August 8, 2016
Branding is usually a marketer’s wheelhouse. Nearly every aspect of the marketing process is closely associated with developing and executing brand values. Thus, most marketing directors look primarily for new hires who understand how to build a strong personal brand.
However, personal branding isn’t a tool just for marketers. Every sector of business can benefit by investigating a potential employee’s past through his or her personal brand, and every job seeker stands to gain by creating a personal brand that works.
The first step for both sides is to understand why personal brands are useful and how they can take advantage of them during the job hunt.
Why Personal Branding Is So Effective for Hiring
Traditional hiring tools ― the resume, the cover letter, the interview ― are woefully inadequate at capturing a job applicant’s true value. Strategies that utilize these tools rarely succeed at finding the best person for the job for a variety of reasons.
Written applications are particularly useless during the hiring process. On average, a hiring manager will spend six seconds reviewing a resume and cover letter, and few hiring managers sift through more than 10 applications, even if their submissions number well beyond that. Perhaps contributing to this lack of attention is the fact that almost half of job applicants lie on their resumes in attempts to seem more suitable for the position.
To compensate for this, most companies force prospective employees to endure an interview process. It’s easy to guess why: In-person discussion seems to provide people better insight into an applicant’s personality, values, and je-ne-sais-quoi that will reveal for certain if that applicant is right for the job. Unfortunately, unstructured interviews are incredibly flawed because they rely on the interviewer’s insight and the interviewee’s spur-of-the-moment reactions to tease out the perfect worker.
Personal branding allows an applicant to effectively convey his or her experience and employability without the colorlessness of written applications or the biases of interviews. Therefore, by relying on applicants’ personal brands, businesses can efficiently find the best candidate.
To prove this, the U.S. Chamber of Commerce, Toyota, and Sgt. Dakota Meyer collaborated to create the Hiring Our Heroes Personal Branding Engine, which helps military members translate their history and experience into a personal brand that employers will value. Without this tool, most military veterans struggled to find employment because their service records were difficult for laypeople to understand, but a personal brand is an effective tool to place excellent workers in appropriate positions.
What Employers Should Look for Within Personal Brands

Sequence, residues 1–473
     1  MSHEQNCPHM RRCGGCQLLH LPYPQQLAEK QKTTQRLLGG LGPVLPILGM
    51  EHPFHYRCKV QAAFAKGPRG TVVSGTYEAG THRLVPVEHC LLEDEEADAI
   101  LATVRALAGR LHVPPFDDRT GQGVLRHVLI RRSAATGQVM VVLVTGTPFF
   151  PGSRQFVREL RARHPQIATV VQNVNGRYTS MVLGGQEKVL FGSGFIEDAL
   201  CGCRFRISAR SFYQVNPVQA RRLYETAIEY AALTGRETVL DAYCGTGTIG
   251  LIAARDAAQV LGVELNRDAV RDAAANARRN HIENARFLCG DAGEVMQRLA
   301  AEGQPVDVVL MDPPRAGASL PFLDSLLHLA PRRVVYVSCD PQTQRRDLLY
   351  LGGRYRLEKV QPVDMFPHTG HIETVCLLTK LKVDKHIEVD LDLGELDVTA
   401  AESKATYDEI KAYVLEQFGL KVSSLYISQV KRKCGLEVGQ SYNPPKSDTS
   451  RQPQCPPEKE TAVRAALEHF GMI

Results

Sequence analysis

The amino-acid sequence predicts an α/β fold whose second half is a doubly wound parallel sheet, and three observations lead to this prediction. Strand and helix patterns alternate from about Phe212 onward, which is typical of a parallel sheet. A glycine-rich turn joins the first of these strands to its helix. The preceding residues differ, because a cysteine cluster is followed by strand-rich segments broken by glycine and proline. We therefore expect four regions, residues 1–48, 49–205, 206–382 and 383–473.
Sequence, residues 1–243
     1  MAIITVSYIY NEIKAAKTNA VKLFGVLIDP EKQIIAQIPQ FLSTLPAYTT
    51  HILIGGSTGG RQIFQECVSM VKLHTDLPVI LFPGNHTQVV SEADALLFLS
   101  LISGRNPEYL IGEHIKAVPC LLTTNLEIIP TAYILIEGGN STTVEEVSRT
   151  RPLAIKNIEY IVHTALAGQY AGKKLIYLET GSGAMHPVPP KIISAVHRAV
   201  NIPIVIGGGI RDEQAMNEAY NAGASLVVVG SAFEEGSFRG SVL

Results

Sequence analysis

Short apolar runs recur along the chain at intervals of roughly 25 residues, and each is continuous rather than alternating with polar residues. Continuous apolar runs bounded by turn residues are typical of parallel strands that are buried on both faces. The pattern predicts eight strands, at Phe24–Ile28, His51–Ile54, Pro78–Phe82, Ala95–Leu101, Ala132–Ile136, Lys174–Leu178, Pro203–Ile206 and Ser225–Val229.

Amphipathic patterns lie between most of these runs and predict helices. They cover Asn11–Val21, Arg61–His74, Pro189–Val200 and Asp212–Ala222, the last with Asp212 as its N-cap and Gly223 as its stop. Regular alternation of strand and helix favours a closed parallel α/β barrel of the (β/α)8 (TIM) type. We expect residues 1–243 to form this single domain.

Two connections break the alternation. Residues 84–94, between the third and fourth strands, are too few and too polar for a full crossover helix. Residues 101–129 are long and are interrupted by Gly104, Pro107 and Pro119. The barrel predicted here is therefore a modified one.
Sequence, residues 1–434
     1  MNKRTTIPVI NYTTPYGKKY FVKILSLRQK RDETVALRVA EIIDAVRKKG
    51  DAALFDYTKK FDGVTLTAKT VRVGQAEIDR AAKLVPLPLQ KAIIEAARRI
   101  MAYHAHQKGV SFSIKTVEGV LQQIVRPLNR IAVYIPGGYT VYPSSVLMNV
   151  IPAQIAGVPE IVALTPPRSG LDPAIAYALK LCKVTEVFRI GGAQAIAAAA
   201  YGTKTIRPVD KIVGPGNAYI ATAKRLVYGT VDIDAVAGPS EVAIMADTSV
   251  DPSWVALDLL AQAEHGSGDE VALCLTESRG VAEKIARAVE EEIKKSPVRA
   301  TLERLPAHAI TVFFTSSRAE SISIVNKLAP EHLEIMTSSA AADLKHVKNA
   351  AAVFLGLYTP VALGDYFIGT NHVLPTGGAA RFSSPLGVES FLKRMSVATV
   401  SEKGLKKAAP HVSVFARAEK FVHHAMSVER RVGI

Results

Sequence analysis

Because personal branding is relatively new, applicants who work to build their personal brands stand out and are obviously more valuable than others. However, as personal branding becomes a standard job seeking practice, employers will need to understand what aspects of a personal brand are useful in finding the perfect employees.
As with corporate branding, the most important element in a personal brand is the brand statement. Applicants should be able to describe themselves and their career goals while capturing their character. While reading these statements, employers should search for keywords that are relevant to the position in particular and the industry in general. In ideal statements, applicants should display consistency, creativity, and memorability. The applicants whose statements stick with hiring managers are likely good candidates.
Conversely, there are a few trends developing within personal brands that employers might prefer to ignore. Photos of applicants might seem impressive, but they can inspire latent biases similar to those that flaw interviews. Additionally, attractive graphics on websites or other branded materials can show professionalism and attention to detail, but they might also distract employers from the true content of the brand. These elements should be considered, but they shouldn’t make or break a hiring decision.
How Employers Can Encourage Personal Brands
A workforce built from remarkable personal brands is impressive in itself and might help companies gain prominence in their industries. Therefore, it behooves employers to encourage their current workers to start branding.
Workers who wish to develop a personal brand have a long road ahead, so it helps to have an employer that acknowledges the importance of maintaining a personal brand and offers resources to help its employees create a successful one. Providing access to branding experts, tools for offline and online design, and feedback on brand materials and statements will help encourage workers to embrace the new era of personal branding.
Cher Zavala is a content co-ordinator who assists in contributing quality articles on various topics. In her free time she also enjoys hiking, traveling and getting to know the world around her. Cher has built up many strong relationships over the years within the blogging community and loves sharing her useful tips with others.